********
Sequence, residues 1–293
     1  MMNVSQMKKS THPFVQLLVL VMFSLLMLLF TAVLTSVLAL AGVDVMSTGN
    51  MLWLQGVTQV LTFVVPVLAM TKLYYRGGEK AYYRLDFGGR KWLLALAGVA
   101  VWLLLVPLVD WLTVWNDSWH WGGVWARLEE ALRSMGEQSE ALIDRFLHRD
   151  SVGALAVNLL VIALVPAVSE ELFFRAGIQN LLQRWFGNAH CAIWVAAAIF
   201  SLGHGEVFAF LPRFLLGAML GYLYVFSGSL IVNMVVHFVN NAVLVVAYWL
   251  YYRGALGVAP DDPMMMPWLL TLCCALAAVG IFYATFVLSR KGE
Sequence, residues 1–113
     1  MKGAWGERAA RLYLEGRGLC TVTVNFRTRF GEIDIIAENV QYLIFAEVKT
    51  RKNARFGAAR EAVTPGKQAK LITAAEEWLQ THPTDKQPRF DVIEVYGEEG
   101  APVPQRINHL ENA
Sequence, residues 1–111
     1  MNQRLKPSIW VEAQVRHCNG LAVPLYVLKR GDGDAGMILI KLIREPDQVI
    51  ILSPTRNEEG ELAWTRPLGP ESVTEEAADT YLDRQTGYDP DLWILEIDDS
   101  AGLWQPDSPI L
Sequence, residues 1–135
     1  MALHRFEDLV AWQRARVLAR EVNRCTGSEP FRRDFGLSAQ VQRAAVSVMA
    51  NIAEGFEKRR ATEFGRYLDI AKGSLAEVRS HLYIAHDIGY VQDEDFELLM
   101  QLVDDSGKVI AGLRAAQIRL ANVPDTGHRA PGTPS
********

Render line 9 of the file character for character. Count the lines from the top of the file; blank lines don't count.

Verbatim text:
     1  MKGAWGERAA RLYLEGRGLC TVTVNFRTRF GEIDIIAENV QYLIFAEVKT